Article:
Bad timing is resulting in a significant increase to assessed home valuations across the state.

The Howard County Assessor’s Office mailed out statements to all property owners of the new assessment this week. There has been a steady influx of telephone calls at the office.

Trending of property values was approved by the Indiana General Assembly as part of the state’s move to a market based assessment in 2002. Currently the trending factor is to be done on an annual basis.

Jay Morris, with Ad Valorem Solutions, said trending required the review of property sales in 2004 and 2005.

“We did a spot check for homes on the market,” he said. “We then compared sale prices to the current assessment and established a factor for each neighborhood.

“There were some areas that went up more than others,” Morris said. “There was an increase in land values and for improvements.”

Howard County paid the Kokomo based firm $169,700 to perform the trending work.

Some areas of Howard County experienced a decline, many in certain areas of Liberty Township, Morris said. Most property owners located in the incorporated areas of the county saw an increase.

Morris said what people are seeing is the increased value of property from 1999 to 2005.

“The timing of the trending was a big factor,” Morris said. “In 1999 there was a robust housing market. Following a decline in 2001, the trending went back to 2004-2005 when the market was recovering and prices were going up.”

He said if the trending factor is used again in 2007, property owners could see a decline because of the soft housing market in Howard County.

“Most property owners will see a 10 to 15 percent increase,” Morris said. “Several areas went up significantly higher than that.”

Because this is a new process for everyone it will take a period of adjustment, he said.

“In my opinion the trending should take place every two or three years,” Morris said. “The entire process, which took 3 to 4 months, has to be repeated on an annual basis. We don’t want to wait any more for a reassessment every six to 10 years.”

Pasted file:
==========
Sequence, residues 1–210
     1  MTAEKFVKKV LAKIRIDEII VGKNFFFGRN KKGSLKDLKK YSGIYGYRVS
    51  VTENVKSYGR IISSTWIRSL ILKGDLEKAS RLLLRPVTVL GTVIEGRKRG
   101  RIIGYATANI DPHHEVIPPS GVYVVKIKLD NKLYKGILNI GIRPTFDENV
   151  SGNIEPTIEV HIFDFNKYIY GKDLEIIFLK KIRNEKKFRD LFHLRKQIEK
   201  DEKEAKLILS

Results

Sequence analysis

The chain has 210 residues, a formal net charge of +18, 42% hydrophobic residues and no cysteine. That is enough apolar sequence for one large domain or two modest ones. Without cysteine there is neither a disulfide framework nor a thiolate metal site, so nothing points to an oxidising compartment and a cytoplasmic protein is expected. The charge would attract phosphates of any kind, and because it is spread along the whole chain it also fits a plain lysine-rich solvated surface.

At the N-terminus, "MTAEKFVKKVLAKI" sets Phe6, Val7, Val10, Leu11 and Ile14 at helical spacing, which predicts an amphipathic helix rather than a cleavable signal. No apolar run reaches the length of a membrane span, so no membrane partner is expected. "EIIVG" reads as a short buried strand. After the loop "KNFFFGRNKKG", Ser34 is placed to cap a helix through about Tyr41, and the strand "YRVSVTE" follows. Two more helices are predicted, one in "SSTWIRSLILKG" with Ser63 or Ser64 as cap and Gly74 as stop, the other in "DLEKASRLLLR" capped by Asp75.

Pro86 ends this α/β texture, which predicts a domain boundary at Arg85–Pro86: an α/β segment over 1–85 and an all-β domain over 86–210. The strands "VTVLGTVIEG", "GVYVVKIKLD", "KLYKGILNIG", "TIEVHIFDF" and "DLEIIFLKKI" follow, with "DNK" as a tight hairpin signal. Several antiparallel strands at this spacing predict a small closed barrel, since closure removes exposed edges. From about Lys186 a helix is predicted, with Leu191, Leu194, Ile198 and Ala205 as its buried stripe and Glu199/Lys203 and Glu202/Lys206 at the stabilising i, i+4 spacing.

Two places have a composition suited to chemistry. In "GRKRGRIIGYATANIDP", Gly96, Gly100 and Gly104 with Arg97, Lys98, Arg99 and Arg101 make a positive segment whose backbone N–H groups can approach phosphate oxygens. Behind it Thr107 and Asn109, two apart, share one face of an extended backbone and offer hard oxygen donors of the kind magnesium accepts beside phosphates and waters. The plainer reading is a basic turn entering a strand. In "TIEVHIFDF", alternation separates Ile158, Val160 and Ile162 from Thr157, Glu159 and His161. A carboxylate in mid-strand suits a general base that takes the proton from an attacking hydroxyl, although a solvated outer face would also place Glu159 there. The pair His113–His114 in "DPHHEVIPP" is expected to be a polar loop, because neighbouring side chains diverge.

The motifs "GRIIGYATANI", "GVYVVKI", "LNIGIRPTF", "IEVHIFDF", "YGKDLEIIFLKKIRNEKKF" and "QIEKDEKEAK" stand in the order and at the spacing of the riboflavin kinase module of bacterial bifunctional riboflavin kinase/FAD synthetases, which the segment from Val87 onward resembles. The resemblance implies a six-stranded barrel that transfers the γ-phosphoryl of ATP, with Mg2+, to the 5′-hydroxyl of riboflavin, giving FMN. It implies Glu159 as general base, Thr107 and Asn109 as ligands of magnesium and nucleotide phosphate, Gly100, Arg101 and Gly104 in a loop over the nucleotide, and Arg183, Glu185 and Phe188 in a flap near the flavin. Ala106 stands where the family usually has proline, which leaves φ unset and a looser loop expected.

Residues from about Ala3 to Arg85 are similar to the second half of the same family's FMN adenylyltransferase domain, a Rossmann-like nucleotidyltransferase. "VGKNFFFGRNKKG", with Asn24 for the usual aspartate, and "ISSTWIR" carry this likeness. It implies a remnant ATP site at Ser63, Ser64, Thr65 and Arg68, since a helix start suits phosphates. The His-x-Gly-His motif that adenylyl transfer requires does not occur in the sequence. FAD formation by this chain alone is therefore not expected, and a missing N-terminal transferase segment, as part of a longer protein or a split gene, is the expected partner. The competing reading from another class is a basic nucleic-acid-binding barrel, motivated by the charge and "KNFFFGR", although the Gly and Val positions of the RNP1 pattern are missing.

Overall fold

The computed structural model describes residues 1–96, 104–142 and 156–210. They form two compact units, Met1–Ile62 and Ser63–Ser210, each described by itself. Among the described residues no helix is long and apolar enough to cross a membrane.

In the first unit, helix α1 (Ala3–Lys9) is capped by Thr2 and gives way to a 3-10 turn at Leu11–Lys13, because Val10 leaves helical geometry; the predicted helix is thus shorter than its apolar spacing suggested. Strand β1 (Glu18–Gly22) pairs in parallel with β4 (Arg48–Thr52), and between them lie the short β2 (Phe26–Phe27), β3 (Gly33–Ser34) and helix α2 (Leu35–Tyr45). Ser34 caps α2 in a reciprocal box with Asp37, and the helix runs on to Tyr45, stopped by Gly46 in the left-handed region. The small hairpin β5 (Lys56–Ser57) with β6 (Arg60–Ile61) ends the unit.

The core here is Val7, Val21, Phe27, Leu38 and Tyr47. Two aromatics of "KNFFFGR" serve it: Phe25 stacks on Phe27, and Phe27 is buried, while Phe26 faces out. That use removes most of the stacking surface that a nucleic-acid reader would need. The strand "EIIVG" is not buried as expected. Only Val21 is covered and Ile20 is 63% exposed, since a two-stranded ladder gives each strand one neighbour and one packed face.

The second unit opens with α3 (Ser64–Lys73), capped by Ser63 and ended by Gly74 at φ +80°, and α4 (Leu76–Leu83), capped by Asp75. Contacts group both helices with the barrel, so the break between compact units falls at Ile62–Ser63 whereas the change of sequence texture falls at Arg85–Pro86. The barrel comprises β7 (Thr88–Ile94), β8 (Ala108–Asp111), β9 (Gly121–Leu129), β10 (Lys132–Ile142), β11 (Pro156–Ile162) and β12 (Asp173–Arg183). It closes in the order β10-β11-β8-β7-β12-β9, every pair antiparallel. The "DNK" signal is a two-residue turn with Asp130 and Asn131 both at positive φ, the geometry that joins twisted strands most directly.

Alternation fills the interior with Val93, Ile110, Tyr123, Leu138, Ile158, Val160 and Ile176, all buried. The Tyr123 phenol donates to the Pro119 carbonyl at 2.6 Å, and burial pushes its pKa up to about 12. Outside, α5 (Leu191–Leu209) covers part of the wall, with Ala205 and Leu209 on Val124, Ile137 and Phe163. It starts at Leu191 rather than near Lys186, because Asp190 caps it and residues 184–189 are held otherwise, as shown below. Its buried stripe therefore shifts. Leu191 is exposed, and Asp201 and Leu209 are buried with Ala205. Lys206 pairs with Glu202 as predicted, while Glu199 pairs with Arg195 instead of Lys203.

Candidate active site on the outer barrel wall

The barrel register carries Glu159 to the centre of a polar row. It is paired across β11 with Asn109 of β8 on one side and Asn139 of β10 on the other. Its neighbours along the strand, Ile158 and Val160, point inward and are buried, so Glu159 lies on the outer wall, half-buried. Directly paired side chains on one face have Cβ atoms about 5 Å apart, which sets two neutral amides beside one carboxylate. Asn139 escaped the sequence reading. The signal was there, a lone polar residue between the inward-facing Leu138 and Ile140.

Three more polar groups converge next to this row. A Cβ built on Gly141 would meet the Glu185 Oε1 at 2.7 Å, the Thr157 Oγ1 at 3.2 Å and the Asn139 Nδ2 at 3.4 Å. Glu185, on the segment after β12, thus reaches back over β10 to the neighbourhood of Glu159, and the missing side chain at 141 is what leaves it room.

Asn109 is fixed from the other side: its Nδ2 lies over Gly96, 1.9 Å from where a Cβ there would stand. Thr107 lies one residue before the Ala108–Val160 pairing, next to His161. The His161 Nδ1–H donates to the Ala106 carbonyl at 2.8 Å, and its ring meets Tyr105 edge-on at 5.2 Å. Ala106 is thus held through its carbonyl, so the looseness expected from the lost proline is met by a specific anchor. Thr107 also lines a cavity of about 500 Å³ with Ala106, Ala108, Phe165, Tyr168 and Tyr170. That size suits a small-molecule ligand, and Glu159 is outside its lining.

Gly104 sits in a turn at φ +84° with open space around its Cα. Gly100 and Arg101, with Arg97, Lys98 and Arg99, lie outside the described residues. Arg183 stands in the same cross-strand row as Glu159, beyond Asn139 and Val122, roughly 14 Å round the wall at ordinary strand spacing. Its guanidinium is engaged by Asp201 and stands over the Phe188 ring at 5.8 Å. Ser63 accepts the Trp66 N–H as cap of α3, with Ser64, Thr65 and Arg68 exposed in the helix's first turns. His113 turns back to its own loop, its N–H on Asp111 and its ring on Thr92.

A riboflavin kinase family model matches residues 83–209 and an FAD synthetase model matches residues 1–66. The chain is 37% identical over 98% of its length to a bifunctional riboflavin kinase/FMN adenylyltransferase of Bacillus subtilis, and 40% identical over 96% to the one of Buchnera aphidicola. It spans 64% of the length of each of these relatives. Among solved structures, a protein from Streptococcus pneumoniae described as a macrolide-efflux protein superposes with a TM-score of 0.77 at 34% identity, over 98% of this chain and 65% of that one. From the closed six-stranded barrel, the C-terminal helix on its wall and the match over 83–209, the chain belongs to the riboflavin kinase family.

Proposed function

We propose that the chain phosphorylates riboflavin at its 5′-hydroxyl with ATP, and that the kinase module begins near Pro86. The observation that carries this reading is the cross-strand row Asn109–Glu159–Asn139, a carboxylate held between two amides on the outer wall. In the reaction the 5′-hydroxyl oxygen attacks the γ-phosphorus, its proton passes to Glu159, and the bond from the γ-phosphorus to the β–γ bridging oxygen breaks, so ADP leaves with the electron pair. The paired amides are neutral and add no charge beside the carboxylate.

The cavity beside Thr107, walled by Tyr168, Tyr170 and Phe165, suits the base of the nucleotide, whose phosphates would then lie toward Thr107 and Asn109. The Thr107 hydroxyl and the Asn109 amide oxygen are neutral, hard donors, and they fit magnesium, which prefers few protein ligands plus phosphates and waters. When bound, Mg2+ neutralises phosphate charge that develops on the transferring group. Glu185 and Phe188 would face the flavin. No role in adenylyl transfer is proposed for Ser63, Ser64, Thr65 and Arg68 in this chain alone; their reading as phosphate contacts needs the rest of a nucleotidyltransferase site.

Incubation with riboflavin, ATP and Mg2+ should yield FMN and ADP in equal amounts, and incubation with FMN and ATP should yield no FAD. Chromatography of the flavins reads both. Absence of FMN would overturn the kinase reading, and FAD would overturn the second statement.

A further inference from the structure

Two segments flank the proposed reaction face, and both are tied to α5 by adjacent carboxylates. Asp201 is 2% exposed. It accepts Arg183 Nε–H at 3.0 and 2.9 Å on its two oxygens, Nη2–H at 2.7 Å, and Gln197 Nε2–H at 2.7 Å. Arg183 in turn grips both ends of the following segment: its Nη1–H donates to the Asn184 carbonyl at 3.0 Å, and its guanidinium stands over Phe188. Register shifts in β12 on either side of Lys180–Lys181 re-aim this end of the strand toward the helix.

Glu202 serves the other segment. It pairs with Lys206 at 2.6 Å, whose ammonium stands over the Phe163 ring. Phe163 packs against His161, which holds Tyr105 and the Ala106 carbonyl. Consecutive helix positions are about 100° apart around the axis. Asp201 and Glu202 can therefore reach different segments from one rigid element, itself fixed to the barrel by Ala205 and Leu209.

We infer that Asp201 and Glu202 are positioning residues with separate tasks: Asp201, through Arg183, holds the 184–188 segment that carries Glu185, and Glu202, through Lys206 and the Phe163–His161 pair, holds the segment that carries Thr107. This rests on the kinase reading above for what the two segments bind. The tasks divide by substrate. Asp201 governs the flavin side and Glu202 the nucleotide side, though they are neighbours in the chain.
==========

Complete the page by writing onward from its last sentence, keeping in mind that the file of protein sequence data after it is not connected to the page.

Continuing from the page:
Morris said his property increased by 17.5 percent.

“Property owners should look at the assessed value and what they feel the value of the property is,” he said. “You don’t really know until a house is placed on the market what the value is.”

Ad Valorem Solutions has done work for several other counties, Morris said. Property values in Clinton County went up a little more than in Howard County.

Only 52 of Indiana’s 92 counties are sending out new assessment statements, he said.

“If property owners have a problem with the assessed valuation, they should contact us,” he said.

Morris said in theory when the assessed valuation increases, the property tax rate should decline.

Howard County Assessor Ann Harrigan said Wednesday the last general reassessment took place in 1995. She said the planned 1999 reassessment was delayed as the state debated going to the market based assessment.

The next general reassessment will take place in 2011, she said.

Harrigan said following the 1999 delay the Indiana Department of Local Government Finance used the 1999 figure for the 2002 reassessment.

In 2002 there were 300 appeals of the reassessment amount.

Harrigan expects the number to increase this year as trending to determine market based assessed value went back to 2004-2005.

“There is normally an informal conference,” Harrigan said of appeals filed by property owners. “There is an attempt to reach an agreement. If an agreement can’t be reached the property owner can file an appeal with the Property Tax Board of Appeals and a further appeal can be filed with the state.”

There was good news for property owners in Manor Woods where one property owner reportedly saw an increase of $100,000 and another saw an increase of $81,000.

A mistake was made in determining the new assessed value in Manor Woods and no appeals will be necessary, the Assessor’s office will make a correction.

Ken de la Bastide can be reached at (765) 454 -8580 or via e-mail at ken.delabastide@kokomotribune.com

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